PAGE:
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The Epiphany of an Iraq Withdrawal

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Message Ron Fullwood
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It's 'mission accomplished' all over again for the British in Iraq as the pull their troops out of Basra. Hailing their relinquishment of authority to the 'provincial Iraqi control' as a "significant achievement," British Foreign Secretary David Miliband, in an interview Sunday with Sky News sought to distinguish their exit as a success, much like the U.S. declarations of victory as they eventually withdrew their own forces from several of the Iraqi regions they had occupied. Asked whether Britain would have been more successful in reigning-in what is an arguably more violent and unstable Basra than the one which existed under Saddam by deploying more troops like the Americans, and whether the withdrawal represented a 'defeat' for Britain in Iraq, Miliband held up the fact of their exit as some seemingly obvious measure of the success of their occupation of the Iraqi province.

"We have been able to draw down our forces because the Iraqi security force has been built up - point 1," Miliband said. "Point 2 - the rules for our draw down are exactly the same as those that are applied to the Americans in other provinces. And remember, just as we have handed over a security responsibility in four provinces, the Americans have done so in seven according to the same rules that apply," he argued.

Despite the increase in civilian killings in Basra over the Saddam era; despite the re-arming and rehabilitation of the Shiite militia death squads by the British, despite the emergence of an oppressive and dominating theocratic rule in the province which threatens the freedoms and civil liberties of Iraqi residents in ways much more pernicious than anything Saddam was responsible for there, British authorities are willing to move aside and let the sectarian chips fall where they may.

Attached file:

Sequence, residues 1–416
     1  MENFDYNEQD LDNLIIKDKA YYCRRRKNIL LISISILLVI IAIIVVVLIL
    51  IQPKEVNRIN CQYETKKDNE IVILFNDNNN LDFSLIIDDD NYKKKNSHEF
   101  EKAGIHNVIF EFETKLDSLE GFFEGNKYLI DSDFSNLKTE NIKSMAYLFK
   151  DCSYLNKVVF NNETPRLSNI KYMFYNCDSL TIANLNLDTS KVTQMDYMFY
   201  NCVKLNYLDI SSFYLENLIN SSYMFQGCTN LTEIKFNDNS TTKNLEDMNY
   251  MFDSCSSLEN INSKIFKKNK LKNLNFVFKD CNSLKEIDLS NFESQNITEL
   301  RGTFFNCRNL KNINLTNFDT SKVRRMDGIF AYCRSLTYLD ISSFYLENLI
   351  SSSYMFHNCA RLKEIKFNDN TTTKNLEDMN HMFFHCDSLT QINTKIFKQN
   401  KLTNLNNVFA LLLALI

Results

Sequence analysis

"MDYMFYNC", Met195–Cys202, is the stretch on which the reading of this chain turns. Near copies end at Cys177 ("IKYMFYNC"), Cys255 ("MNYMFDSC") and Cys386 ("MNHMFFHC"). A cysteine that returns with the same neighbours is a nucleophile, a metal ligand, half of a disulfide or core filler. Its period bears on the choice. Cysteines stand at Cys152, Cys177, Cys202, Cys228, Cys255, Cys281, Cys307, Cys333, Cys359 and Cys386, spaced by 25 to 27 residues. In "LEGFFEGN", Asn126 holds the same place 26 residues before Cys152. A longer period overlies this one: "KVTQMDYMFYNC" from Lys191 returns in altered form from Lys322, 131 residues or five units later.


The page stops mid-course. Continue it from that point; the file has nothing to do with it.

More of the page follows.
It's a tragic reality that Britain has, long ago, relinquished any chance of being some sort of 'honest broker' for democratic principles and democratic rule in Iraq by their own arrogant disregard of Iraq's sovereignty in their initial, manufactured invasion. To assert that their occupation of Basra was a success because Iraqis there have managed to organize and put in place some local military protectorate is nothing but a self-serving deception crafted for those who know and care little about the lives lost and disrupted as the cost for their reckless, imposed interference.

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For Britain's beleaguered and overdrawn military forces, the withdrawal itself is bound to be seen as progress over the open-ended commitment of their country folk their leaders have sacrificed for Bush and Blair's "line in the sand." But, it's also the apparent view of the fugitive 9-11 suspects, who've been gifted by Bush's invasion and occupation, with a safe haven and a propaganda platform for over six years, that the British withdrawal from Basra (and the dwindling of the British forces to just over 2,000 troops in Iraq) actually represents a victory for al-Qaeda.

This weekend, we were subjected to yet another taunt from Bush's enabled specter of terror from his protected perch somewhere in Afghanistan/Pakistan. Al Qaeda's assumed second-in-command, Ayman al-Zawahri, in a web site video, said the British decision to "flee" represented the "increasing power of the mujahideen and the deteriorating condition of the Americans."